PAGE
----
Surya

Today we honored the sun, even as it insisted on hiding behind a thick blanket of soggy, grey clouds. Yep, it’s gone again after three blissful days of warmth and light and dryness; this morning was dark and wet and the cold just clings onto you, heavy and sad. Still, the sun must be up there, somewhere, otherwise we couldn’t even see the clouds at all, so that’s something!

I’m excited for spring lately. I used to kind of roll my eyes at the thought of spring springing because in Florida that just means it becomes unbearably hot all at once and everything is sweaty and blinding for the next nine months, but here in Georgia, if I remember correctly, we had a few months of pleasant weather that straddled the warm/cold line and actually qualified as spring. I’m looking forward to a little less rain and a little more sun, leaves on trees instead of piled up in wet, decomposing heaps, and the opportunity to sit outside and just feel the earth.

For now, though, sun salutations will do. And, in fact, they might be necessary–it might be easier to appreciate the sun when it’s gone than when it’s here.

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Blogoween Day 23 – True Terror Tuesday: A Haunting in St. Pete

blogoween ttt

I’ve always been leery of public restrooms. There are plenty of reasons to be: they’re a room full of doors with typically only one way in and out, and when inside you’re at your most vulnerable. But I’ve also always had a tiny bladder, so more often than I wish, I’ve found myself in dimly-lit, dirty, defecatoriums of doom.

A few years ago, I was out with Husband and some in-laws. I’m protecting their identities here, mostly because I’m sure they don’t want to publicly be associated with this brand of crazy, but they could corroborate at least part of this experience, provided they remember.

We had spent the day in downtown St. Petersburg, Florida, and were returning to the car which was parked by the pier. The ride from St. Pete to Tampa was always long, stuck on a bridge, so I knew I had to pee before we got going, and as luck would have it, there were restrooms right there: Comfort Station One, to be exact. Dear Reader, when I tell you this was one of the strangest, most off-putting public bathrooms I’ve ever been in, I’m not exaggerating. They felt absolutely horrible inside.

The men’s and women’s were in separate buildings, octagonal shaped, and to enter the bathroom, you had to walk around the building and up a ramp, so that trapped feeling one might have in a bathroom with one way in and out was amplified by the hall of sorts that you could never see the end of since it spiraled around to the entrance door. Inside, the space was dark with tile walls and a concrete floor, so your movements echoed, but even though there are windows that are open and you can hear a bit of the ocean through them, most outside world sounds were shut off. Mirrors and sinks lined the left side of the room with a stall at their end, and stalls lined the right side completely.

I did a quick visual pat-down of the bathroom, and saw I was alone. This is always both better and worse than what I anticipate: I don’t want to be murdered, so an empty bathroom means no murderers, but if someone new comes in to murder me, there’s no one around to go get help. Ya dig? The farthest end of the bathroom was a bit more shadowed, so I opted for the second stall from the entrance, which is my typical go to anyway. I popped in and sat down quickly. I needed to pee pretty badly, but I was also anxious: what if the moment I started peeing someone tried to break down the stall door? This fear is exceptionally stupid, I have to admit, because if this did happen, I’d probably piss myself (and what better place than on the toilet?), but if I felt like I needed to run, I’d probably just stop peeing very suddenly, or if I was in genuine danger I would probably not care if I ran out half naked trailing urine. In fact, this might be tactically advantageous since my attacker could slip in the pee trail. Ultimately, I’m very unlikely to be murdered in a public toilet (though that’s probably the most likely place, it’s just unlikely overall), but I still had that momentary jolt of realization: I’m at my most vulnerable right now.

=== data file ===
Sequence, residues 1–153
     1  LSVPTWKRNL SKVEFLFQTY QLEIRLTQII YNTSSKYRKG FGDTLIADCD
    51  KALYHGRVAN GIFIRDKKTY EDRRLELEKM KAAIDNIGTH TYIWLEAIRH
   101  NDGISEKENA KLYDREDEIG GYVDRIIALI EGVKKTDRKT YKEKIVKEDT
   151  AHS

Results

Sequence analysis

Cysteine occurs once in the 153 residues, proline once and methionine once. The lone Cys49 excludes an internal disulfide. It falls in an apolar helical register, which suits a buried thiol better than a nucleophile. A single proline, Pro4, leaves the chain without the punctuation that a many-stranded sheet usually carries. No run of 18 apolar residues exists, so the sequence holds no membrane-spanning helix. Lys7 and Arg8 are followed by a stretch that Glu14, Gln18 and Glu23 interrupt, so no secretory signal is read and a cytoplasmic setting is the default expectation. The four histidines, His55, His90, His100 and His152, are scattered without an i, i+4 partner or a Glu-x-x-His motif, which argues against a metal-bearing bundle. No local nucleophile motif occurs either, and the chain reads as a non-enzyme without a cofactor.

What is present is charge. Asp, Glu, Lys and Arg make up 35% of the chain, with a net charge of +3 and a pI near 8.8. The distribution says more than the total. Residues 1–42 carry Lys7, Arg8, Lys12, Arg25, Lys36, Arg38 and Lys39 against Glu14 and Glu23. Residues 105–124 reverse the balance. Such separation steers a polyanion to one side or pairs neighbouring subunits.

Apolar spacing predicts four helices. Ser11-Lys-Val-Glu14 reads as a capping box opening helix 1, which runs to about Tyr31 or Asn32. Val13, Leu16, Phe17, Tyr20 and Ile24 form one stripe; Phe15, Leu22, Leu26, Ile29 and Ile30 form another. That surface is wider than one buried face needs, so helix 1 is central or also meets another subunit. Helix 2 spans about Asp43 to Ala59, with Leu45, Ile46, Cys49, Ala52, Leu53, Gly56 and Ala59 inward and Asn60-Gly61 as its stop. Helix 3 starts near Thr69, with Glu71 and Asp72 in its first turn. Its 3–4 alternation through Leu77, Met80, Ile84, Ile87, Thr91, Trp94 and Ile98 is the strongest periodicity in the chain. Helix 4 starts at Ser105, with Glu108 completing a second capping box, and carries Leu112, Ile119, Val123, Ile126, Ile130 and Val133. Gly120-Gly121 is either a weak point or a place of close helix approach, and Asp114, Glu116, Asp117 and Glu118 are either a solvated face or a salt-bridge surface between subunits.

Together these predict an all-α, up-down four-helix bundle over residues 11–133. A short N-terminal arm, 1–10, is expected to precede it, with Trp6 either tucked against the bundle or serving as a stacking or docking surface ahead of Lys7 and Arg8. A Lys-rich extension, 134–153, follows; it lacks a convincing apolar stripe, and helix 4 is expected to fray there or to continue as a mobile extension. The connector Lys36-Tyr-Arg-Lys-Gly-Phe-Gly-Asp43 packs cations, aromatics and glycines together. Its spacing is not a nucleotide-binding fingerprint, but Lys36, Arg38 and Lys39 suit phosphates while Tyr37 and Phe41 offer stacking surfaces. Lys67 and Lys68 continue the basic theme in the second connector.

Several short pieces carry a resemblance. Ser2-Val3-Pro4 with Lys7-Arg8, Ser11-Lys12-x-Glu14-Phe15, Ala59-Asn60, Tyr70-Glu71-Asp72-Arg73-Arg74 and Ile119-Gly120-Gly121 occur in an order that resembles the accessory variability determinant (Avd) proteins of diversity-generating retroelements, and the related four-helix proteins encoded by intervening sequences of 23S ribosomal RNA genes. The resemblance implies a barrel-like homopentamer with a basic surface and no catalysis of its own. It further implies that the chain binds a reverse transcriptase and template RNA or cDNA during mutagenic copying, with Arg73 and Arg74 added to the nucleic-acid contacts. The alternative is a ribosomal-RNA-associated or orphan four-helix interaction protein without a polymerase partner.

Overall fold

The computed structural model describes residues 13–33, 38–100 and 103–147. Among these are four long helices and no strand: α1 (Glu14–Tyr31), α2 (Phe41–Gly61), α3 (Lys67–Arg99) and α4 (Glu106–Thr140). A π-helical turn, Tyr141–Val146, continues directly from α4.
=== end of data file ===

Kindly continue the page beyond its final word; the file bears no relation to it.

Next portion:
So now that we have my irrational fear covered, let’s get back to it: I was pissing. As I’m relieving myself, willing it to get the heck out so I too can get the heck out, I hear someone else come into the bathroom. Now, this bathroom, as I mentioned, already gave me that sense of dread that only very few places do, so when I heard footsteps outside the stall, my whole body seized for a second. Everything stopped up, and I just held my breath as they walked across the concrete just outside my stall. But then I realized, this is a public restroom after all, people come in and go out all the time, it was evening, it had been busy outside, this was completely normal. That and my family was waiting outside for me, so if I didn’t come out, they’d at least recover my corpse later.

So I hear this other person, and I see their shadow on the ground due to the windows in the room. They walk past my stall and enter the stall directly to my right. I was immediately annoyed–I don’t know why people do this, just leave a space between us! But then I remembered the dimness of the rest of the end of the bathroom, and I forgave them. But only a little. I heard them close the door and shuffle in the stall for a minute, then I’m finally finished, and I wrench my shorts on as fast as possible and throw myself out of the stall.